Workers’ labor market experience is a second important determinant of skill levels. Until they reach their early 50s, workers’ wage rates and, thus by inference, their productivity, tend to increase with age. These increases presumably reflect skills learned over time in the labor market. As a rough indication of the trends in labor market experience, figure 2 shows the average age of workers between 1890 and 2000. Consistent with greater life expectancies and lower birth rates, the average age of workers grew from 35 at the turn of the century to over 40 at its apex in the mid-1960s. However, starting in the late 1960s, the first of the large baby boom cohorts entered the labor force, causing the average age to drop for the next 20 years, reaching a bottom at around 37.5 in the early 1980s. As we show later, this drop in experience levels partially offsets the labor quality improvements arising from the tremendous gains in formal education during the 1970s. Since the early 1980s, the aging of the baby-boom generation has helped to push the average age of the working population back to about 39.5, roughly where it was in the early 1970s.

2. Average age of the labor force

Figure 2 shows the average age of the labor force from 1885 through 2005. 
Source: Authors’ calculations based on data from U.S. Department of Commerce, Bureau of the Census (1975) and U.S. Department of Labor, Bureau of Labor Statistics, Current Population Survey, 1964–2000.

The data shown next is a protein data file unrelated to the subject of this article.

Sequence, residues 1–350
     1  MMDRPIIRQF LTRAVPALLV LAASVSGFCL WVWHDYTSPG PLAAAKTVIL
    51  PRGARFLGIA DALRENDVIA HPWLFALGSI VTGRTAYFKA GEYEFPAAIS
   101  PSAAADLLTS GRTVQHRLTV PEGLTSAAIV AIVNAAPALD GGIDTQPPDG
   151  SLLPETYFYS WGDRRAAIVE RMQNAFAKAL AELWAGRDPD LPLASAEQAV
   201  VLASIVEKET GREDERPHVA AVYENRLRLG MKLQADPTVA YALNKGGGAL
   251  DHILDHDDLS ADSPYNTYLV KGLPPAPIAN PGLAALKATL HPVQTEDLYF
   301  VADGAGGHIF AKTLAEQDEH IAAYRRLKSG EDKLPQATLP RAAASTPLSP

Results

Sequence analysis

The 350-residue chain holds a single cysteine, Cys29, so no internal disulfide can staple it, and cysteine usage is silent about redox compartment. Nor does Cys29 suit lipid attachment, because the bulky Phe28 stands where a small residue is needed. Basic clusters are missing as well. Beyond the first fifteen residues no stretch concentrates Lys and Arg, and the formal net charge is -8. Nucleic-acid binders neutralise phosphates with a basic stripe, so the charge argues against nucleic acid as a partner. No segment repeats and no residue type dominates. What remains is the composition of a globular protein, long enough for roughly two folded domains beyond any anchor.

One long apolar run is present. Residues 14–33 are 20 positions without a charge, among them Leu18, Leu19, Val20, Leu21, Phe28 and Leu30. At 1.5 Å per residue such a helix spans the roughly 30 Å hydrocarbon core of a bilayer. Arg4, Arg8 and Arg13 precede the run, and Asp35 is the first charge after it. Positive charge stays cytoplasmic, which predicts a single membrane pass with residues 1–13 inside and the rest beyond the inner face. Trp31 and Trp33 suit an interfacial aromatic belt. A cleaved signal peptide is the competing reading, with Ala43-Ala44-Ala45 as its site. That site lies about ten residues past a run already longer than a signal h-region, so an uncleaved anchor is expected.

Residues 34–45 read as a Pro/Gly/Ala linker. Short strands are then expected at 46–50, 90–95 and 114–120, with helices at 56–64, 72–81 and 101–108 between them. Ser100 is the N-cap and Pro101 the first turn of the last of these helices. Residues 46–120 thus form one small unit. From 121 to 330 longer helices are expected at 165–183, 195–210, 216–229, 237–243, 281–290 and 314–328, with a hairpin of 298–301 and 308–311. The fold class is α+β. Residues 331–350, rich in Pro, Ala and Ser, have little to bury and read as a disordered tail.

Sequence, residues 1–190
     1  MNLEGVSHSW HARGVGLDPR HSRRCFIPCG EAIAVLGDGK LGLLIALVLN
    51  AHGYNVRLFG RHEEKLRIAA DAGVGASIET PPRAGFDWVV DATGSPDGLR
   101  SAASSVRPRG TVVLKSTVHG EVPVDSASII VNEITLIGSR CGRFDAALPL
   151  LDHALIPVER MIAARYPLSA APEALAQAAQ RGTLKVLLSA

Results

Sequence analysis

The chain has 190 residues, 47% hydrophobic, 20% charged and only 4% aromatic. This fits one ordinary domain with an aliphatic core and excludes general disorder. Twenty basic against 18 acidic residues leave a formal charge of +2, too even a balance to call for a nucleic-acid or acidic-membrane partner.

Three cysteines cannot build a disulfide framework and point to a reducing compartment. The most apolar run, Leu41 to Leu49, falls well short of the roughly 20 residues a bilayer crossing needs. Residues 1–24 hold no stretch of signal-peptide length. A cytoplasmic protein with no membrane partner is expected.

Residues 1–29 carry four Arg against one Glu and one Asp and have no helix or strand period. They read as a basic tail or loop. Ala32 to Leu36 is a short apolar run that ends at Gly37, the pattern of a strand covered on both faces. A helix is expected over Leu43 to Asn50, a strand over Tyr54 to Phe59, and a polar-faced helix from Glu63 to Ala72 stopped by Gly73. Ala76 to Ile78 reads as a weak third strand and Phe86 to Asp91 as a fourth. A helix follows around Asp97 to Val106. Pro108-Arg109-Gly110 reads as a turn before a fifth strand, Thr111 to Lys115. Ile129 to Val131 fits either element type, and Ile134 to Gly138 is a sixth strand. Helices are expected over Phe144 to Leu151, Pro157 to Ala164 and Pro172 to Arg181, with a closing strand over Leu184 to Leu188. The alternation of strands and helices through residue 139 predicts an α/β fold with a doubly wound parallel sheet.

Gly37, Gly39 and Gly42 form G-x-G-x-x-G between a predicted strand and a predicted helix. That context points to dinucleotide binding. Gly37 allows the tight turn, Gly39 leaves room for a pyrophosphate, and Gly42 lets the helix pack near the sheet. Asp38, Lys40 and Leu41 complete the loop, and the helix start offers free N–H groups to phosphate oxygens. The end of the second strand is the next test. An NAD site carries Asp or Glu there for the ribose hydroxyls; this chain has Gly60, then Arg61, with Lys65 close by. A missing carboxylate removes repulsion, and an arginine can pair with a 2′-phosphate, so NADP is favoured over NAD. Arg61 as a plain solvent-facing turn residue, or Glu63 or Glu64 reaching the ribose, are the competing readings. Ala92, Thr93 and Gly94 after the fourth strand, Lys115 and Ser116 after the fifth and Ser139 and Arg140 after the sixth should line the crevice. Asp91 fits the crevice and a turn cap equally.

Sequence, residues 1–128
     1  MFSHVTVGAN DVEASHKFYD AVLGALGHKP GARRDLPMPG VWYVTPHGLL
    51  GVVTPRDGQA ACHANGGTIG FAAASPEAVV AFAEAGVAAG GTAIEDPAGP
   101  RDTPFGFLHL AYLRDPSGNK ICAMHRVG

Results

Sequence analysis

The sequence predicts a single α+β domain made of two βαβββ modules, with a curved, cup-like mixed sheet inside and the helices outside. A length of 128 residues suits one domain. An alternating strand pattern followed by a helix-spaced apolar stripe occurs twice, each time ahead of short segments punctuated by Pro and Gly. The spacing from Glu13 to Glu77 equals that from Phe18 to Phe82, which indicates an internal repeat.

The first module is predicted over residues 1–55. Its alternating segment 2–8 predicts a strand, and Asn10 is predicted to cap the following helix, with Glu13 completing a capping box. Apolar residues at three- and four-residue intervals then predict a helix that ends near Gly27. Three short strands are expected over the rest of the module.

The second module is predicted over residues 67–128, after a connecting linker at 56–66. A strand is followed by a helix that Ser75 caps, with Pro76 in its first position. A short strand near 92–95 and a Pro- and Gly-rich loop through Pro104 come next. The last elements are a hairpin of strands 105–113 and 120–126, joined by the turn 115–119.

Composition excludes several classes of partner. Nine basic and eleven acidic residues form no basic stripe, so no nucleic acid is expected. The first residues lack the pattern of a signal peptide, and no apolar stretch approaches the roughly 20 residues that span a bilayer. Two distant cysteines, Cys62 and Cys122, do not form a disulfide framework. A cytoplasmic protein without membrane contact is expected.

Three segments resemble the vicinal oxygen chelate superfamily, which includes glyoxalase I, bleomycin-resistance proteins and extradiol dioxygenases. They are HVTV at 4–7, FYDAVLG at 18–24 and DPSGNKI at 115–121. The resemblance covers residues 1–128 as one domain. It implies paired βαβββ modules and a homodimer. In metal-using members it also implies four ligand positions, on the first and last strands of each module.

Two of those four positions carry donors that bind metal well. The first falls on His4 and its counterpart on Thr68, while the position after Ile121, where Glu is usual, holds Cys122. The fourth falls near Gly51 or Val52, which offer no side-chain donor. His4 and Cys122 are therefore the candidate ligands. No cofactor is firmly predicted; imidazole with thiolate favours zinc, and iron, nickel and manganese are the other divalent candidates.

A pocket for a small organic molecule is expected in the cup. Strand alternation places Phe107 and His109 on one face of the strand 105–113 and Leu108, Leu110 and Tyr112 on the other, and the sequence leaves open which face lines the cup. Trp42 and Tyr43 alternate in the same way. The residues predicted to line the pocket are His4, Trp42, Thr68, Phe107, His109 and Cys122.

The Worker Quality Index

When we put these trends together, along with other changes in the composition of the working population, we come up with estimates of labor quality growth. Figure 3 displays these estimates for 1965 to 2000.

There are several notable features of figure 3. First, labor quality is somewhat countercyclical; peaks in the data occur near the troughs of recessions in November 1970, March 1975, November 1982, and March 1991. This is consistent with firms reacting to economic downturns by first dismissing low-quality workers, resulting in an increase in the aggregate quality of the working population (but not the full population). We would certainly expect to see a similar situation in 2001 and 2002.

3. Labor quality growth

Figure 3 shows the growth in labor quality from 1960 through 2000. It also forecasts the possible change in labor quality from 2000 to 2010.